harnad at cogito.ecs.soton.ac.uk
Fri Jan 26 18:20:23 EST 2001
Before I reply, may I suggest that you and others on this list who
might be interested sign on to the American Scientist Forum, which
has been actively discussing these and related topics:
The issue of quackery and potential dangers to public health has been
extensively discussed, for example, in:
(1) The ARCHIVE OF COMMENTS ON E-biomed: A Proposal for Electronic
Publications in the Biomedical Sciences (May 5, 1999 DRAFT)
(2) Harnad, S. (2000) E-Knowledge: Freeing the Refereed Journal
Corpus Online. Computer Law & Security Report 16(2) 78-87.
[Rebuttal to Bloom Editorial in Science and Relman Editorial in New
England Journal of Medicine]
(3) Harnad, S. (2000) Ingelfinger Over-Ruled: The Role of the Web
in the Future of Refereed Medical Journal Publishing. The Lancet
Perspectives 256 (December Supplement): s16.
(4) The American Scientist Forum (above)
The very same solution for quackery-minimization that evolved in the
Gutenberg (on-paper) era, namely, relying on certified, peer-reviewed
findings, is equally applicable in the PostGutenberg (on-line) era. Any
residual problem created by public on-line read-write access coalesces
with the problem of on-line pornography and xenophobic literature, the
policing of which is a much bigger problem, well beyond the remit of
learned journals, and more in the jurisdiction of institutional
consortia and government. This should be clearly kept in mind.
The protection of public health from quackery at the journal and Eprint
archive level is, in the first instance, accomplished by prominent
tagging of the peer-reviewed literature as such, just as it was done
on-paper. All OAI-compliant eprints.org archives have a "refereed" and
"journal-name" meta-data tag which can be used not only to restrict a
user's focus to the refereed literature (just as it was on-paper), but,
if deemed necessary for security reasons (I doubt this will be
necessary for some time, if ever), the metadata tags, like the papers'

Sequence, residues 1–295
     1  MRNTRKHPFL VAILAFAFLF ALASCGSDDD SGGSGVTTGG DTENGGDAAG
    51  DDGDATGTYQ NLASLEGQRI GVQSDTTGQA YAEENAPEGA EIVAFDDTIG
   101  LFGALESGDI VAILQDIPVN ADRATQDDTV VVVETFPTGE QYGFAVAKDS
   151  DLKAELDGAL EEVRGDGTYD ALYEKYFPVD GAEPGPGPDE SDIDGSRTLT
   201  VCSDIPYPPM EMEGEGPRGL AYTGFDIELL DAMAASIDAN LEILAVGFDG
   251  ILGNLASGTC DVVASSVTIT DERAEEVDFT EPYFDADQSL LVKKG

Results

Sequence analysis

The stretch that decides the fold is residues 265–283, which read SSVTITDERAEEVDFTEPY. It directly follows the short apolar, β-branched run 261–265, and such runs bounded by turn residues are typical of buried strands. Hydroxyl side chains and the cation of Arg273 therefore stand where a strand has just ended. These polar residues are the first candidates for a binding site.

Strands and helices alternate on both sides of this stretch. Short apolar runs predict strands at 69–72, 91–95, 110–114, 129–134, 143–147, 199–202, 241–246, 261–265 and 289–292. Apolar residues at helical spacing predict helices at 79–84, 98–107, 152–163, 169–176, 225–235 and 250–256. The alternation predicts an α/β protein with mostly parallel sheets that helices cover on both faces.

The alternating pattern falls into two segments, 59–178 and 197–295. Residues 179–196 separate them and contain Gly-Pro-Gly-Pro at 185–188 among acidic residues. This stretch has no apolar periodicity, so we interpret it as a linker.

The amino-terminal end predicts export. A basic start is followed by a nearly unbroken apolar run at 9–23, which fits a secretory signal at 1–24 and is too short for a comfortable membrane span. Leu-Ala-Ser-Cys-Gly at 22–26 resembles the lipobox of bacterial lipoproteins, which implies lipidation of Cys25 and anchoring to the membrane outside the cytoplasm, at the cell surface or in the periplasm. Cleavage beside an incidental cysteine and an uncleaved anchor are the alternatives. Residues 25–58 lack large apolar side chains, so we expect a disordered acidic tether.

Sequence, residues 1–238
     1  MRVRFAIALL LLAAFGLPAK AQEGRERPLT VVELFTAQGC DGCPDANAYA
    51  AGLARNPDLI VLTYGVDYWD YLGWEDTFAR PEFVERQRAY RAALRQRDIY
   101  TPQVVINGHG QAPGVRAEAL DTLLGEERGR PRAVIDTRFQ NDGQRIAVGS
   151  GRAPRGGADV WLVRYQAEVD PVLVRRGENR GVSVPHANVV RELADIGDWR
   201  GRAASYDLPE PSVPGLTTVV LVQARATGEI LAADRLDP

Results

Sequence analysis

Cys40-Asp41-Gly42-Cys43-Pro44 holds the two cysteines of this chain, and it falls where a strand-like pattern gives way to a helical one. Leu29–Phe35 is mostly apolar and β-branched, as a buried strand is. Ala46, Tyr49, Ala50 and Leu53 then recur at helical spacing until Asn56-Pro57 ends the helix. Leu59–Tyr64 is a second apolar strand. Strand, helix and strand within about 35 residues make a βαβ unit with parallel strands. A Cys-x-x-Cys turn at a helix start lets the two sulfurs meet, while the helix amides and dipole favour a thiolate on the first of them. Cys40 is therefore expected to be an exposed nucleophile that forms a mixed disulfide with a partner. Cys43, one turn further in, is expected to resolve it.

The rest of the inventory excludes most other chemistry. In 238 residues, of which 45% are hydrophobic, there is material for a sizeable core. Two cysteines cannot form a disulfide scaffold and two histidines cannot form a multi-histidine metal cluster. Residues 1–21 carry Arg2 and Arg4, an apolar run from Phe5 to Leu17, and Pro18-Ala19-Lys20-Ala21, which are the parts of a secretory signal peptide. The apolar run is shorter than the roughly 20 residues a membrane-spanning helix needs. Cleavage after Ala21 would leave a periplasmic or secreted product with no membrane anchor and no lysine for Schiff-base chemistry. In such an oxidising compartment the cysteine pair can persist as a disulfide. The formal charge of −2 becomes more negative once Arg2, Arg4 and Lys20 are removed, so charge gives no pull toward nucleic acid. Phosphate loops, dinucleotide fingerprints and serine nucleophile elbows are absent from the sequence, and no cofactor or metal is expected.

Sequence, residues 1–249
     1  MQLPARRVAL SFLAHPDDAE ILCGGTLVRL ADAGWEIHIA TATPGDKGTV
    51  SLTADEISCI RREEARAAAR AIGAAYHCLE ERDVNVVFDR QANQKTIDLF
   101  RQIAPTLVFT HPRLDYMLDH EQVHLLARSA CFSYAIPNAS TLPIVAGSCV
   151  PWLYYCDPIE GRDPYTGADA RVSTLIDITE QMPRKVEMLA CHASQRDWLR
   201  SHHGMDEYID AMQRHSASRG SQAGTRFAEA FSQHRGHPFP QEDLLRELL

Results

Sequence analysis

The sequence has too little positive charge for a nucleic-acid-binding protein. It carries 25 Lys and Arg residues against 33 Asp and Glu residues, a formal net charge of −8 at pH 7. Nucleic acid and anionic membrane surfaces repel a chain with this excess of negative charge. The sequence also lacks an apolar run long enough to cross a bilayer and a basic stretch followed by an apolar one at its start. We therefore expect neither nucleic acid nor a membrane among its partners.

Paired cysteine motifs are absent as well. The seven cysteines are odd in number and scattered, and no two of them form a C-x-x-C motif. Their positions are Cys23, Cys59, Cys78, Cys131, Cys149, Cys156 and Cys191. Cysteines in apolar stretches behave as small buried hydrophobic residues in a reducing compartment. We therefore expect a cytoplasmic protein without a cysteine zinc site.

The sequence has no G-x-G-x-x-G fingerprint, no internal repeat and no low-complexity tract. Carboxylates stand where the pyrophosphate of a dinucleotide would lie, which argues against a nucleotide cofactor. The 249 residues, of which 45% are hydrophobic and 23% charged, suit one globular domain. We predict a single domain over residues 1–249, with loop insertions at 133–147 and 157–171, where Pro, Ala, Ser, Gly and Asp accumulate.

full-texts themselves, could be uniquely authenticated by cryptographic
In addition, the nonrefereed papers in Eprint Archives can not only
itself be pre-vetted for quackery, but it can be displayed with
prominent "health warnings", as as being done, for example, in the
British Medical Journal's experimental http://clinmed.netprints.org/
Nor should we forget that a good deal of biomedical literature is not
public-health-related; for that sector quackery is no more (or less) of
an issue there than in Physics or other disciplines.
Stevan Harnad harnad at cogsci.soton.ac.uk
Professor of Cognitive Science harnad at princeton.edu
Department of Electronics and phone: +44 23-80 592-582
Computer Science fax: +44 23-80 592-865
University of Southampton http://www.cogsci.soton.ac.uk/~harnad/
Highfield, Southampton http://www.princeton.edu/~harnad/
SO17 1BJ UNITED KINGDOM
On Fri, 26 Jan 2001, Art Huntley (Dermatology, UC Davis) wrote:
> >From our standpoint, the issue of putting unvetted material on the CDL
> Website relates to conflict of interest of the authors. Probably not an
> issue for those in the physics world, but a traditional problem in
> medicine today.
> The existence of the printing press permitted the development of the
> journal and scientific format as we now know it. As early as 1662, it was
> noted that medical knowledge needed to fulfill the Baconian criterion of
> being freely communicated and fairly criticized. The printing press led
> to great communication of science, but a parallel advancement of quackery.
> I believe the existence of the Web has fertilized the quackery industry.
> We are concerned that allowing anyone to post material to the CDL, to be a
> recognized site, may result in hosting content that may be simply
> advertisement or, at worst, quackery. This is one of the issues that will
> need to be sorted out before we have widespread acceptance by Academic
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